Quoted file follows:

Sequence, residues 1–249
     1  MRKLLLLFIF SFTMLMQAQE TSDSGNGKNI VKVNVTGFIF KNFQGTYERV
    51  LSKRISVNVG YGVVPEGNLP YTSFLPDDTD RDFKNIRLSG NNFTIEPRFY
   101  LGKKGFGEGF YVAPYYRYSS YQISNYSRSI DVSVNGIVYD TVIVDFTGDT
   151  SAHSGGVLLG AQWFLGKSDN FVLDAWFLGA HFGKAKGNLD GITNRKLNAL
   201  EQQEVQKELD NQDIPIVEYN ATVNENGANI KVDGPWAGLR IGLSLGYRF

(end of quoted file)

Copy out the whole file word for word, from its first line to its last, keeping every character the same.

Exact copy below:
Sequence, residues 1–249
     1  MRKLLLLFIF SFTMLMQAQE TSDSGNGKNI VKVNVTGFIF KNFQGTYERV
    51  LSKRISVNVG YGVVPEGNLP YTSFLPDDTD RDFKNIRLSG NNFTIEPRFY
   101  LGKKGFGEGF YVAPYYRYSS YQISNYSRSI DVSVNGIVYD TVIVDFTGDT
   151  SAHSGGVLLG AQWFLGKSDN FVLDAWFLGA HFGKAKGNLD GITNRKLNAL
   201  EQQEVQKELD NQDIPIVEYN ATVNENGANI KVDGPWAGLR IGLSLGYRF